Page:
I’ll be honest, we have to walk a fine line when we start establishing when and what, is and isn’t, worship. Our gospel reading today reminds us that we are all too readily distracted from worship by what are really side issues.
No, we aren’t selling over-priced cattle or blemished sacrificial lambs in the narthex. Nor are the baptists across the street, as far as I know. But I suspect you, like me have heard the conversations… ok, the arguments… some of which have even split churches apart over things like contemporary music versus hymns, which translation of the Bible is most accurate, the color for new carpet, the best bread for communion, or when the choir should start and stop wearing their robes.
Any time HOW a congregation worships becomes a greater focus than WHO they are worshiping… well, it’s not hard to imagine an angry Jesus coming in and flipping the communion table to regain the people’s attention.
The trouble is that the church is forever holding in tension two things: the desire to maintain tradition and the need to adapt as people and communities change and the needs of those people and communities change.
Many of us here have smart phones and spend time on one or more social media platform. I have pastor friends who encourage their congregations to live-tweet worship, sending out the words or actions that are most meaningful as tiny missives to the world. Is that wholly inappropriate or a holy exercise in active listening? Church – it’s HARD to hold these things in tension… it makes you tense!
One of the Great Ends of the church is the preservation of divine worship. Knowing that we are pulled back and forth by tradition and a rapidly changing cultural context, how does the church know what to preserve?
In our Presbyterian tradition we tend to focus on four essential elements of worship Book, Bath, Meal and Service. I will have to look up who came up with that list, so that I can give them credit… but I like how easy it is to remember. Book, Bath, Meal and Service.
Let’s start with the Book. The work we do with the Bible. Reading and interpretation of scripture is more than the readings and the sermon. Many of our hymns and anthems, prayers and liturgical readings include scripture or allusions to scripture and additional content that illuminates the word.
I’ve noticed most Presbyterians don’t just like, they expect a good sermon. Hopefully not simply as entertainment… The act of proclamation provides a living, active connection between worship and what we are meant to do and be in the world… in light of God’s Word.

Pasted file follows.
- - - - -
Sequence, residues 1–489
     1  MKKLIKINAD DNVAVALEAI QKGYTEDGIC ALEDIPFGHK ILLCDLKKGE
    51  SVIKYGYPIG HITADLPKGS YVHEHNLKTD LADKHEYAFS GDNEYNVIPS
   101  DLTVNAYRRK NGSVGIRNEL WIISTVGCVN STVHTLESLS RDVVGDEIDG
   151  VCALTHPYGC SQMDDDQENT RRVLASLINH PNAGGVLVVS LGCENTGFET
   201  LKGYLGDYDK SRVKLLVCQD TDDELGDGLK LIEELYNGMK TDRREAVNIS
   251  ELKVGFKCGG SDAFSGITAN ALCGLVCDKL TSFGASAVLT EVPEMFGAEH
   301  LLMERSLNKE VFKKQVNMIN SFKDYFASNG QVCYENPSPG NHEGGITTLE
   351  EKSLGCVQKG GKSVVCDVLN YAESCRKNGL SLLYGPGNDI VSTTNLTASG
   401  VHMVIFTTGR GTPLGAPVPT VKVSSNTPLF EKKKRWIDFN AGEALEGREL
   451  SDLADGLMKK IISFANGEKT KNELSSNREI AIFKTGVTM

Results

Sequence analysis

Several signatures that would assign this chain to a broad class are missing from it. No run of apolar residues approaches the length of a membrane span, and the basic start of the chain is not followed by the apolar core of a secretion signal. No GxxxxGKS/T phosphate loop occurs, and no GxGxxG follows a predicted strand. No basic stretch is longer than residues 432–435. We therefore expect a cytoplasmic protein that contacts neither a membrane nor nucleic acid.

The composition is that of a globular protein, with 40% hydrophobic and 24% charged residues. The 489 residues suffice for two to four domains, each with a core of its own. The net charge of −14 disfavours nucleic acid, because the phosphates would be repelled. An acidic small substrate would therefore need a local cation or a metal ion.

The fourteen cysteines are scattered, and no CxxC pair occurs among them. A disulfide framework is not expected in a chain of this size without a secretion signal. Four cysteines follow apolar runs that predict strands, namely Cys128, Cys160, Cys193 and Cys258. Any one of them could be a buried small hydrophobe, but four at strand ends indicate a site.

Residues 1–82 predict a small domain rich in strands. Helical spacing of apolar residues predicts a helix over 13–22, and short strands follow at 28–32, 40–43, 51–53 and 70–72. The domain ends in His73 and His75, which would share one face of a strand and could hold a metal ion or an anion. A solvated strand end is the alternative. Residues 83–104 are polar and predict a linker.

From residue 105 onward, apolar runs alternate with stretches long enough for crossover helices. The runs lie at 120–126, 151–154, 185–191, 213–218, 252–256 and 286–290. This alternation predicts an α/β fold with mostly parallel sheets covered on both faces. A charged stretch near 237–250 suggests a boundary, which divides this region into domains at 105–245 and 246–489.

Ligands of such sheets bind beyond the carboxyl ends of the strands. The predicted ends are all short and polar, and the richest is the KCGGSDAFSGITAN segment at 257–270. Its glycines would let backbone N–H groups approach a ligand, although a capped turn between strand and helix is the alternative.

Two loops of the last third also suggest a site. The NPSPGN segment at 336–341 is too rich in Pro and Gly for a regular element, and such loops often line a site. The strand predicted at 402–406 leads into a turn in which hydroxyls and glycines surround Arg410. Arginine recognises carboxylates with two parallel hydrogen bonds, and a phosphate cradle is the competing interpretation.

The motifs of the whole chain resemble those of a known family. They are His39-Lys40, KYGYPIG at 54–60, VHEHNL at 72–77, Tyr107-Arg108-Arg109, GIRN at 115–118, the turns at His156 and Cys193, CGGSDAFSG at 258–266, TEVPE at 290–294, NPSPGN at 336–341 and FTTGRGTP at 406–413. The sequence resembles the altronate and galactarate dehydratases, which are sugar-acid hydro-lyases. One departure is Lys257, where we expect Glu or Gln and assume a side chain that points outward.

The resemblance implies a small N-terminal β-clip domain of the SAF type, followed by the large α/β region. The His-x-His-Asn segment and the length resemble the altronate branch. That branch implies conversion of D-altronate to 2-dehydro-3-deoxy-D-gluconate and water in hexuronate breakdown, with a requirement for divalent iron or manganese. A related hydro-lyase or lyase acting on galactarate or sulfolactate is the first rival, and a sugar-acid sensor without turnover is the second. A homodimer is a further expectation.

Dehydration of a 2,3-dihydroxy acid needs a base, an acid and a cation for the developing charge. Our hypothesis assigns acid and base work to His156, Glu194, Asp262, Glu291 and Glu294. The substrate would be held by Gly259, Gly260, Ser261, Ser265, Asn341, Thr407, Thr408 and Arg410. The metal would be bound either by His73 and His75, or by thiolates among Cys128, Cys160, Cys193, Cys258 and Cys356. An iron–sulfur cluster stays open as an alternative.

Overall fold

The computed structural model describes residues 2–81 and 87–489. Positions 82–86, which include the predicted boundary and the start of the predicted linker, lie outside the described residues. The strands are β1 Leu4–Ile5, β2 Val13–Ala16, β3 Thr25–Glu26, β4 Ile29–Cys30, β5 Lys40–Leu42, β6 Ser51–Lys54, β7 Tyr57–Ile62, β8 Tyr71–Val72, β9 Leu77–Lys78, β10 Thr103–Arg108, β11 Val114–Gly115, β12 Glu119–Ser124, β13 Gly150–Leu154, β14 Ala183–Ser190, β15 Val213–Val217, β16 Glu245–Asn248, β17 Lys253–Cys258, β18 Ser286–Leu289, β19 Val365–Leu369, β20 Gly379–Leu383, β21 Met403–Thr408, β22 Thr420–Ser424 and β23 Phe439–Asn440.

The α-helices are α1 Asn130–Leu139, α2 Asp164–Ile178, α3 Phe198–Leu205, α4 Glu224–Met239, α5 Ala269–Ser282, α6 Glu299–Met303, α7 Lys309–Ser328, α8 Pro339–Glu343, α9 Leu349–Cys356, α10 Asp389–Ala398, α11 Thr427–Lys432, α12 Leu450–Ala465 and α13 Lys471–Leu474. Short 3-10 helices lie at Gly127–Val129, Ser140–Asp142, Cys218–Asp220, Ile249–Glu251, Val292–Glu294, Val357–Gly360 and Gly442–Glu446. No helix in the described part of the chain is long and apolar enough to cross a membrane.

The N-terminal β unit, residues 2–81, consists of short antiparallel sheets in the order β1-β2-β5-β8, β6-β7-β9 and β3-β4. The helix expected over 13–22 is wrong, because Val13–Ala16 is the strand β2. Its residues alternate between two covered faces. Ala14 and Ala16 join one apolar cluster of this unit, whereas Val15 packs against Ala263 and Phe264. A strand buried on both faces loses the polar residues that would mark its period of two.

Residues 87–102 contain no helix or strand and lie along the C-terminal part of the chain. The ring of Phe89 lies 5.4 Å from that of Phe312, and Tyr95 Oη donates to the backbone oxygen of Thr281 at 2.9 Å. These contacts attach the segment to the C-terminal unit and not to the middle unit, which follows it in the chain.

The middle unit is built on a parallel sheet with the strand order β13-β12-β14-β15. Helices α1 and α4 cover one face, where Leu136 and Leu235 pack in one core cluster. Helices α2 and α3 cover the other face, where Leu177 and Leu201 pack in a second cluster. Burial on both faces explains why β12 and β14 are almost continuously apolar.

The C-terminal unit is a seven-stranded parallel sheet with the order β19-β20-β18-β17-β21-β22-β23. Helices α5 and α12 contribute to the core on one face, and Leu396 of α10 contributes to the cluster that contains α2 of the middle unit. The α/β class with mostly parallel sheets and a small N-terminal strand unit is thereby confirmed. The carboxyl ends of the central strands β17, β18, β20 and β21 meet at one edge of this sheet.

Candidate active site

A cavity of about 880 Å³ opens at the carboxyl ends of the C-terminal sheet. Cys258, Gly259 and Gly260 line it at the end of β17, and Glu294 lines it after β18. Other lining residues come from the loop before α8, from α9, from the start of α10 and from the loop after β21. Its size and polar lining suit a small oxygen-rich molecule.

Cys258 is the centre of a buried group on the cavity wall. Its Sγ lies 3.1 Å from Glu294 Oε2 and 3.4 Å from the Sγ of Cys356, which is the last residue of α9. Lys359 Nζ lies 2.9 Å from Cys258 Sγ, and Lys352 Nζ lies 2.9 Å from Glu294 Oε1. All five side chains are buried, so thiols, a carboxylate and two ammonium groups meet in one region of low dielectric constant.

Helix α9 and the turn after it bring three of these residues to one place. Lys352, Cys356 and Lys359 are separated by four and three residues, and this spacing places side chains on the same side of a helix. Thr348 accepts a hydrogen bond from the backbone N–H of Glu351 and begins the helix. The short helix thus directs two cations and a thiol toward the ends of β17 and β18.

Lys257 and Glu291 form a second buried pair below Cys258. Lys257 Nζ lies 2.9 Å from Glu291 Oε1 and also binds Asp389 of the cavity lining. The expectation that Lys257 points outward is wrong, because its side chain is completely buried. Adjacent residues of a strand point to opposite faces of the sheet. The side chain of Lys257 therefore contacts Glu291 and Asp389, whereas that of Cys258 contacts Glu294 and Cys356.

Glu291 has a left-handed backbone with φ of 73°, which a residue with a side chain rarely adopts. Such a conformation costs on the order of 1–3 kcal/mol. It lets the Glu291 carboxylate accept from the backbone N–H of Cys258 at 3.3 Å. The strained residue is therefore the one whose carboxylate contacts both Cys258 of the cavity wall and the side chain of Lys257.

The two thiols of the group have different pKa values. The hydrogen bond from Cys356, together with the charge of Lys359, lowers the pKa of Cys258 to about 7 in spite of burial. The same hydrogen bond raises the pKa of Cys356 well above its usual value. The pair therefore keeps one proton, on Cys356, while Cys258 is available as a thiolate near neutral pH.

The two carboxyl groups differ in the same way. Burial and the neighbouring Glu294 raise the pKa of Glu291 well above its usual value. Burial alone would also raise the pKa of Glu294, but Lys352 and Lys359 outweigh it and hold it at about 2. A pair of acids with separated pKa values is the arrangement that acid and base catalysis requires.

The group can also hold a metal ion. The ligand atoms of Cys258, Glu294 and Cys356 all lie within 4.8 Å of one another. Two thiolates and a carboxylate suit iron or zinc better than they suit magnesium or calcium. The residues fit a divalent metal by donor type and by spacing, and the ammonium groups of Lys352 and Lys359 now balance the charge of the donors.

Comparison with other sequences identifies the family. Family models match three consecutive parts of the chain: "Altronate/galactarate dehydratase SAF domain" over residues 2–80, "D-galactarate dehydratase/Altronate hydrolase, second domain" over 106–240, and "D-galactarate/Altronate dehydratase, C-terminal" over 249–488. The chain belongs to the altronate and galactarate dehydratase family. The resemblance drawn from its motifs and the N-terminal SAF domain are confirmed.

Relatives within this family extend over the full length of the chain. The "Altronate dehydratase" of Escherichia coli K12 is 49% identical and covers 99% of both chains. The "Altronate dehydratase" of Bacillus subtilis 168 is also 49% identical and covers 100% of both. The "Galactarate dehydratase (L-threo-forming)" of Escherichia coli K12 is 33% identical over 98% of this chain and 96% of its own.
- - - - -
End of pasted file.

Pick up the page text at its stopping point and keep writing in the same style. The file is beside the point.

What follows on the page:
Bath – yes- baptism.
Baptism doesn’t happen every week. Sadly, in many congregational settings, this sacrament happens all too infrequently. I say sad because when we baptize a child or adult, we are welcoming a new member of God’s family, celebrating God’s new creation, new birth.
Stephen and I moved the baptismal font away from the wall and into view for my ordination service. We left where is stands – not just because it is so stinking heavy. The font is out and visible on purpose. So that every time I walk by it, I am reminded that I am a beloved child of God.
And every time one of you walks by it, or around it, I give thanks that you, too, are children of God, created and claimed in love, washed clean, forgiven, wrapped up in the grace and mercy of God in Christ Jesus. Everything we are called to do as believers, and as part of ordered ministry as deacons or elders, comes directly out of that first covenant in community, out of the promises spoken and kept.
The meal we will share today – the Lord’s Supper – is open to all who have been baptized and follow Jesus.
This same meal has been central to worship since the earliest days of the church. The settings and rituals have changed over time, and definitely vary from one congregation to another, but the pattern is the same. The words of institution were preserved within the writings of the apostle Paul, who likely heard the story of the last supper from one of the twelve who were there on the night our Lord was betrayed.
We bless and break apart the bread.
We bless and portion out the juice.